Briefs: OA Top Ten Albums September 26, 2008
1. Lindsey Buckingham, “Gift of Screw.” An introspective rock ’n’ roll record from this former and, I guess, future member of Fleetwood Mac. Buckingham has never sounded better on the guitar. That and a great batch of tunes make, this CD one of the years best discs.
2. Little Feat and Friends, “Join the Band.” Just like the title says, this is Little Feat with some great friends covering a batch of “Feat” tunes as well as some other great tunes.
3. Rodney Crowell, “Sex and Gasoline.” This is all about the fairer sex and the role they have played in his life. This is one of Crowell’s finest recordings. Strong, bold, sensitive and thought provoking help describe this superb CD.
4. JJ Grey and Mofro, “Orange Blossoms.” This fairly young band is at once soulful, swampy, rockin’, funky and bluesy with great rhythm and impeccable vocals from Grey. Translated, think CCR meet Otis Redding, George Clinton and the Subdudes.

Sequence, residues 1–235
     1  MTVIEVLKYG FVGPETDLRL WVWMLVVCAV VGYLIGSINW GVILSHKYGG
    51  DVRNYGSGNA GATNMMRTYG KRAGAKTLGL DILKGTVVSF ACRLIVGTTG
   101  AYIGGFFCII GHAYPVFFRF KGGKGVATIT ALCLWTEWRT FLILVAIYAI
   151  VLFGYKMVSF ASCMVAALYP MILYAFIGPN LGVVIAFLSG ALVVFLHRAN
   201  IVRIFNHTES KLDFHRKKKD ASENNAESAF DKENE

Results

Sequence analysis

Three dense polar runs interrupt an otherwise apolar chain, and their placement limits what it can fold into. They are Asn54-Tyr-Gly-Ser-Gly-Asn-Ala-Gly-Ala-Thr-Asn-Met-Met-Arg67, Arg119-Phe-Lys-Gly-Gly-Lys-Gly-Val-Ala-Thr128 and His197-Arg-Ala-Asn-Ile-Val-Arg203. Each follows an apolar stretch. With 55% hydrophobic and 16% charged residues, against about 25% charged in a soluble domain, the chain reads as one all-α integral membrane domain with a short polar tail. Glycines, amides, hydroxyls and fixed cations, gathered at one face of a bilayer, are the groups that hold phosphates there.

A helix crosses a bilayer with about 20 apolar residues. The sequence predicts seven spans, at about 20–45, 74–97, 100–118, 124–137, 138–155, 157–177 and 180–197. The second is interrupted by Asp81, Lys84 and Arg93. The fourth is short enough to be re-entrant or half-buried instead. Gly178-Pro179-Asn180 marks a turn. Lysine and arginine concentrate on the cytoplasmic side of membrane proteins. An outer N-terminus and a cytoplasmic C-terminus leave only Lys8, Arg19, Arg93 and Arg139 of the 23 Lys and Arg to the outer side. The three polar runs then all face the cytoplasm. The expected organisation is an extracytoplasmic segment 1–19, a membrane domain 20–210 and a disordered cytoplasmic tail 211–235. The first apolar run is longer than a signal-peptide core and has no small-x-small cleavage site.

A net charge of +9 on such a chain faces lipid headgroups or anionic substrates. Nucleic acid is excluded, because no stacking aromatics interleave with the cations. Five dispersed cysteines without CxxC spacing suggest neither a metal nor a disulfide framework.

5. Joe Cocker, “Hymn For My Soul.” Cocker still has a great voice to go along with a tremendous amount of soul. This new CD rates right up there with some of his finest recordings. The cover of The Beatles’ “Come Together” is classic Cocker.
6. Dr. John and the Lower 911, “The City That Care Forgot.” This dark, murky and moody CD is classic Dr. John. Eric Clapton contributes exquisitely on three of the CD’s 13 excellent tracks with Ani DiFranco and Willie Nelson lending a hand on others.
7. Buddy Guy, “Skin Deep.” Guy is the most vibrant old school blues artist still on the scene today. Guest appearances by several great artists such as Susan Tedeschi and Eric Clapton help make this guitar-driven CD a great one.
8. Emmylou Harris, “All I Intended To Be.” This incredible lady has been entertaining listeners with top quality work for almost 40 years, and her new CD is definitely one of the best of her illustrious career that started as a backup singer for Gram Parsons.
9. Van Morrison, “Keep It Simple.” This is classic Morrison in every way. Nothing new here, just great songs with no horns or strings sung by one of the greatest singers in the history of rock ’n’ roll. He’s not a bad songwriter, either.
10. Jakob Dylan, “Seeing Things.” Bob’s son has got more than a little bit of his father’s talent. It is also obvious that it comes through more clearly on this mostly acoustic laid-back effort than his excellent work in the Wallflowers. His best yet.